Let’s say that these measures are very elementary and constitute the minimum necessary to bring some order to the current chaos, which is only possible if the legal channels are facilitated and the economic pressures that exacerbate the problem are attenuated. In this sense, they constitute a respite from the “devastating” policy applied by the United States in recent years, as Cuban Foreign Minister Bruno Rodríguez described it, and this is enough to welcome them, although the Cuban government is right when warning us to wait for the rules that regulate its application to be able to measure its true impact.
The moment could be related to the celebration of the Summit of the Americas, to be held next June in Los Angeles, California. Either to clean up the criticism of some governments for the exclusion of Cuba, Venezuela and Nicaragua or even to eventually reverse this decision and include them in the summit in a climate that they hope will be less tense. Apparently, the fact that measures have been coincidentally announced that also relax the sanctions against Venezuela, although for different reasons, may also be related to this event.
We may think that we are in the presence of an advance of the forces that defend soundness in the policy towards Cuba within the current US administration, for which the Cuban government should do everything possible to make their job easier. This should not be very difficult since what is proposed is a lived experience. Also, the Cuban economic reforms themselves are in harmony with the measures that the United States says aim to favor the development of the private sector in the country, and which constitute its most clearly subversive intention.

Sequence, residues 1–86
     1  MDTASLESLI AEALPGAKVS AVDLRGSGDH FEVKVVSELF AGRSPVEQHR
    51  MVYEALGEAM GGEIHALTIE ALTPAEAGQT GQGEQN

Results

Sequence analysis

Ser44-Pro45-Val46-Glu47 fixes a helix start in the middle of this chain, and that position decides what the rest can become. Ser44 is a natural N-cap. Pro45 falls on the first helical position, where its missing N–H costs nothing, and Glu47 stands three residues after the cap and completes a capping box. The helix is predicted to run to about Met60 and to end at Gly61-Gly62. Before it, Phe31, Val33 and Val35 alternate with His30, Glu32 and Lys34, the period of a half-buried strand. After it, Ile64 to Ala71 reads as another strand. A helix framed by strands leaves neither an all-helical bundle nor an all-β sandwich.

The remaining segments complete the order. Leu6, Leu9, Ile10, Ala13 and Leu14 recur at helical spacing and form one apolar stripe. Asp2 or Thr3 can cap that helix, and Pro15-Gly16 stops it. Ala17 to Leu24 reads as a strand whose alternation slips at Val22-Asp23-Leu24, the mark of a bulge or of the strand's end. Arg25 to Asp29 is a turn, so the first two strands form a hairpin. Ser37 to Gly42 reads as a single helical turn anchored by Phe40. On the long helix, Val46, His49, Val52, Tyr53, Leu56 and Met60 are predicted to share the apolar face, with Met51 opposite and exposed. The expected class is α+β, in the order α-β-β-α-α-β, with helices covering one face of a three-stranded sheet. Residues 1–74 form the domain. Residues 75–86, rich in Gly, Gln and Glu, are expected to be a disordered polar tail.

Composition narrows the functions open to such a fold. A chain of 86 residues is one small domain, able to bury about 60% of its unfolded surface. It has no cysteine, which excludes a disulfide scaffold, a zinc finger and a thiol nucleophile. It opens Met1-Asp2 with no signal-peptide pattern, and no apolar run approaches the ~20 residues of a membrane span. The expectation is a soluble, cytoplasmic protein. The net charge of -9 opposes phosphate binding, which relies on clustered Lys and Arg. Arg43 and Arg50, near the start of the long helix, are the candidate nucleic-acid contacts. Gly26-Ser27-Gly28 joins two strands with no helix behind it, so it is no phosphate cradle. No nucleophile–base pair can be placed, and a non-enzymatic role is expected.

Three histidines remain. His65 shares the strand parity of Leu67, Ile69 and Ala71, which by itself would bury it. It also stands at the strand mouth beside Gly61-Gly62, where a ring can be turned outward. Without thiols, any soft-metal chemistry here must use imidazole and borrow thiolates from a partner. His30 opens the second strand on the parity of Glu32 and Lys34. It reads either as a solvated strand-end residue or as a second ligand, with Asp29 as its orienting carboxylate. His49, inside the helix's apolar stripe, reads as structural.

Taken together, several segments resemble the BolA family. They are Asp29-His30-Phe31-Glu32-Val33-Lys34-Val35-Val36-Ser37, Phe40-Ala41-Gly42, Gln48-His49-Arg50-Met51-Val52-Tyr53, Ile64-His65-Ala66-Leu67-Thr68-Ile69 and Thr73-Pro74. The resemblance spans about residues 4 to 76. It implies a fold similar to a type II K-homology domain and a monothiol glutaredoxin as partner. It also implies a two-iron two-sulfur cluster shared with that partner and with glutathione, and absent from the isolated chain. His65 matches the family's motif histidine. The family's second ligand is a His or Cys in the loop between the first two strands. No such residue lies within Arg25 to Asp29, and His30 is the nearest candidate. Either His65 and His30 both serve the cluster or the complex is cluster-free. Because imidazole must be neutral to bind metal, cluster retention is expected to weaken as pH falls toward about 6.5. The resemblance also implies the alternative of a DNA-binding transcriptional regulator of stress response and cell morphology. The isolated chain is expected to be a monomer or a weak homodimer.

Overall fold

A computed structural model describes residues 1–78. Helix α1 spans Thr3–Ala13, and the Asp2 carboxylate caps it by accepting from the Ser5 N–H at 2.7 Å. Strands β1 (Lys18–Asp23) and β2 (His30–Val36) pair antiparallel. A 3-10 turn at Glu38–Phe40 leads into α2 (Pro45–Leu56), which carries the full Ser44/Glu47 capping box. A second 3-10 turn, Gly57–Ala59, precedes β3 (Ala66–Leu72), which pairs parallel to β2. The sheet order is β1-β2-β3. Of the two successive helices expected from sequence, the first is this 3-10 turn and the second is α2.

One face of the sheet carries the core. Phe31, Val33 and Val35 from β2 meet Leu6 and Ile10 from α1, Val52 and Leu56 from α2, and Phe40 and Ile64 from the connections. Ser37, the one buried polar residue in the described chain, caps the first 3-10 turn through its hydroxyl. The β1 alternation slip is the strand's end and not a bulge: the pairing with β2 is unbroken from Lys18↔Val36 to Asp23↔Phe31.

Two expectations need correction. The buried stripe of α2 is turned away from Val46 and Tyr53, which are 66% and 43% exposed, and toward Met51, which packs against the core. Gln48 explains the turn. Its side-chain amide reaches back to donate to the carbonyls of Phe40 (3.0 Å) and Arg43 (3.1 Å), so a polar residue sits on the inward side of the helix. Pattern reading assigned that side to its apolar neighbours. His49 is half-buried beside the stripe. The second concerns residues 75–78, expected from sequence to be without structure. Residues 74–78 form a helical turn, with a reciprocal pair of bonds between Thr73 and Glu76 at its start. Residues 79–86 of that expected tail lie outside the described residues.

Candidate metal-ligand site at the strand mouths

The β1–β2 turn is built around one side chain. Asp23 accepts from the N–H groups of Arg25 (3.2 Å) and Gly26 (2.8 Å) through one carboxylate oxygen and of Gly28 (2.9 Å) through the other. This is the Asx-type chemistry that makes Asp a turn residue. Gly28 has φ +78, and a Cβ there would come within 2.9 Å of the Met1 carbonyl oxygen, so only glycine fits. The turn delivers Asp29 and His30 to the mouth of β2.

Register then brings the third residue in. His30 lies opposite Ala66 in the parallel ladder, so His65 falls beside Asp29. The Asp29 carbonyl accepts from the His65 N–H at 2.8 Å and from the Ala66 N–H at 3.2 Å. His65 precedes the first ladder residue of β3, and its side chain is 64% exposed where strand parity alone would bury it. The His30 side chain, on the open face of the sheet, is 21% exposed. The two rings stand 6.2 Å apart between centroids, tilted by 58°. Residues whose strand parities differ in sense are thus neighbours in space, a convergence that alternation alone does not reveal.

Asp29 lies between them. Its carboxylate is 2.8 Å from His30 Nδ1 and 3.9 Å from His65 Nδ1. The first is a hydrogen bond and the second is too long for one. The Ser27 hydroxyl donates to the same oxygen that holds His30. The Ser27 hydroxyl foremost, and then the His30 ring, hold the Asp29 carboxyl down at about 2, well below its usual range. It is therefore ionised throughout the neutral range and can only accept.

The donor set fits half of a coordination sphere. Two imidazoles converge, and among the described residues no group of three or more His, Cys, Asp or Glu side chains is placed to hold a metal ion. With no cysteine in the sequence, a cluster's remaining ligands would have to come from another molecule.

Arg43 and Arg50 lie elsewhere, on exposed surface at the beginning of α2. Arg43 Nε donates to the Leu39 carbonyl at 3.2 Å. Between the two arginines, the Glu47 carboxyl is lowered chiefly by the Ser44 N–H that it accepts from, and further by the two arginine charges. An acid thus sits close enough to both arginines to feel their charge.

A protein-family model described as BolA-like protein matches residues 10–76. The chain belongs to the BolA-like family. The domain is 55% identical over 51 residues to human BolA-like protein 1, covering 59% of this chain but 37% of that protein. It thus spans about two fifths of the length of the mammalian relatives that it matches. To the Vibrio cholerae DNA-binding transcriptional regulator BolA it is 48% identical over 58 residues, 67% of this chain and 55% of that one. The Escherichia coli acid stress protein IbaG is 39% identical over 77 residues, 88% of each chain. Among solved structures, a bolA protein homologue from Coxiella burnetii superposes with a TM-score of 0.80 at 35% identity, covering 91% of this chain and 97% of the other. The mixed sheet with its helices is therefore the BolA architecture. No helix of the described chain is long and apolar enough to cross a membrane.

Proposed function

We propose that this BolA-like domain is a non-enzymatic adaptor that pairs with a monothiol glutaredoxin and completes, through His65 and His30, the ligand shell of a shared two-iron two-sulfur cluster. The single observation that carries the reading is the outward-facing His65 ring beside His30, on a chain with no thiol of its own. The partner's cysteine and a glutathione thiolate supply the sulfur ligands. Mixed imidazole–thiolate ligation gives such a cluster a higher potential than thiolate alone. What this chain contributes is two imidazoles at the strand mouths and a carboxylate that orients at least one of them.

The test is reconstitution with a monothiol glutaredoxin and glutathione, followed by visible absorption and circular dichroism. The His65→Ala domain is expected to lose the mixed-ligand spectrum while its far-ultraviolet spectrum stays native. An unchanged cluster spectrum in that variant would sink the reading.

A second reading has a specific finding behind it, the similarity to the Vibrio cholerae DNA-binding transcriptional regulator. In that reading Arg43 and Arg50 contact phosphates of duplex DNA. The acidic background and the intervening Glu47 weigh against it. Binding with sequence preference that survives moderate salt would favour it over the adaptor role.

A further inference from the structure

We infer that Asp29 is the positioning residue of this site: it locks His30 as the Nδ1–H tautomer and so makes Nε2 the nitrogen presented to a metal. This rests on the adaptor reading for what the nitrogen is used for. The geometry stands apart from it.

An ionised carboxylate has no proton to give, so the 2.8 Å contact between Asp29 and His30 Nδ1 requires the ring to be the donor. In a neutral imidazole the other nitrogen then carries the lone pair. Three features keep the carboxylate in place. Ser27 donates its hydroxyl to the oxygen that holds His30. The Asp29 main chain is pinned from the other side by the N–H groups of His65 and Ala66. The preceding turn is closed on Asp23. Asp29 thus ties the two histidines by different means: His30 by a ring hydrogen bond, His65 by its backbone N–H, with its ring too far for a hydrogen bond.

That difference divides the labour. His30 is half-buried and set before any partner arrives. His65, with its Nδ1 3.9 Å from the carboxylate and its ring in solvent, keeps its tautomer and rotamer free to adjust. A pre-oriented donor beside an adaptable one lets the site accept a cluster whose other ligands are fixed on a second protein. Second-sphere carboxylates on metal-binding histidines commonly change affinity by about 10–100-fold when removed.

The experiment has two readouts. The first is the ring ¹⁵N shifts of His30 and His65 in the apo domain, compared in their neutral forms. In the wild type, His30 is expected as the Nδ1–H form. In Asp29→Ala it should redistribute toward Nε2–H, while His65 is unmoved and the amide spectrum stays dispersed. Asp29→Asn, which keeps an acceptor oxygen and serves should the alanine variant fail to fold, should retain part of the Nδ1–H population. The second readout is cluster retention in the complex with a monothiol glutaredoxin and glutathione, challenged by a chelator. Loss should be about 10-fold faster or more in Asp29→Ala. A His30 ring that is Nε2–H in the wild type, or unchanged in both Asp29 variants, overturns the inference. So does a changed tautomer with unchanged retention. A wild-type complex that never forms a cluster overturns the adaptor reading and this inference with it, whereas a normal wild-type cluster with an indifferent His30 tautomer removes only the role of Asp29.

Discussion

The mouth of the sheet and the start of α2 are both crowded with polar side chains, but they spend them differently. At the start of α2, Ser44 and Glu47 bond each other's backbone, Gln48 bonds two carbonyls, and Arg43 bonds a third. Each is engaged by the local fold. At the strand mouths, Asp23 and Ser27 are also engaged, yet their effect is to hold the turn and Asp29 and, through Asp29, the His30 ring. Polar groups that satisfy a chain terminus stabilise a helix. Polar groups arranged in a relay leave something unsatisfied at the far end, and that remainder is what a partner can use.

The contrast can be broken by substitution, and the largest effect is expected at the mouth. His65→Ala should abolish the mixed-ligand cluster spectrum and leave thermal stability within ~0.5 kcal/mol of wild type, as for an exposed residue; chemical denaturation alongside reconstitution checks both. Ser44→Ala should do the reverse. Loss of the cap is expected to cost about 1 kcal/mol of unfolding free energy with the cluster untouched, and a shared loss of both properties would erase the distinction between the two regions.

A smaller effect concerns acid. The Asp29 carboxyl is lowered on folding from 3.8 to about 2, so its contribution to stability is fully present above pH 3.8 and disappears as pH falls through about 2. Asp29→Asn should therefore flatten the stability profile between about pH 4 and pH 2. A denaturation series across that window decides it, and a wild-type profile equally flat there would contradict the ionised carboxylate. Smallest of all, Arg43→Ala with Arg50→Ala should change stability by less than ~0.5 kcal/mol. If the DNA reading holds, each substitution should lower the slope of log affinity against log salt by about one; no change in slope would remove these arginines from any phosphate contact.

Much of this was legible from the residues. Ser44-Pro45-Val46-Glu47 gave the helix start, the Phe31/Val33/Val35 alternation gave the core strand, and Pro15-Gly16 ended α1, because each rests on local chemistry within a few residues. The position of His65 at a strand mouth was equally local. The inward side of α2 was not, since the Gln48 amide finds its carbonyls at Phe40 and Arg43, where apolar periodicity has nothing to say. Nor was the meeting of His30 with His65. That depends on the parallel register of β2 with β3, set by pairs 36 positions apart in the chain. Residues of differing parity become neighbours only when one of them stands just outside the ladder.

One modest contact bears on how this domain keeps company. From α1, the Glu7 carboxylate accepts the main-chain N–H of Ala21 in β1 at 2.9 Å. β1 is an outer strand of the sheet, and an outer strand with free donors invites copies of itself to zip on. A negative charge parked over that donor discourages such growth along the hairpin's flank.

It is clear that as long as Cuba is a socialist country and defends its sovereignty, it will have antagonistic contradictions with the US. The issue under discussion is to assess the setting in which the conflict unfolds. The Cuban people have verified firsthand and in the worst way that Obama is not the same as Trump. As Biden looks more like the latter, signs of change should be encouraged.
The Cuban government is correct when it describes these measures as very limited. In truth, they do not alter the essence of the blockade nor do they eliminate the designation of Cuba as a promoter of terrorism, which constitutes a great difficulty for the commercial and financial functioning of the country. Nor has the rhetoric against Cuba changed: there is not a single conciliatory word in the US declaration.
However, these measures contribute to unlocking the negotiation mechanisms and stimulating dialogue between the two countries, a dynamic that also involves the civil society of both and has its own inertia. Despite the fact that we cannot affirm that we are witnessing the beginning of a more transcendental process, and even if started, we well know that it can be reversible. It is not unreasonable to affirm that it is effectively a change in the US policy towards Cuba, even if it was not the reason of this move by the US. They may not be even fully aware of it.
Those who do know what this means is Cuban American extreme right and their allies, both Republicans and Democrats, which is why they have started to scream and complain. Also aware are Cubans and their relatives in the United States who harbor the hope of seeing the agony of so many years of separation overcome. It is even possible that, in gratitude, some Cuban Americans are inspired to even vote for Joe Biden, as they did for Barack Obama, for which he would be rewarded for what he does not deserve.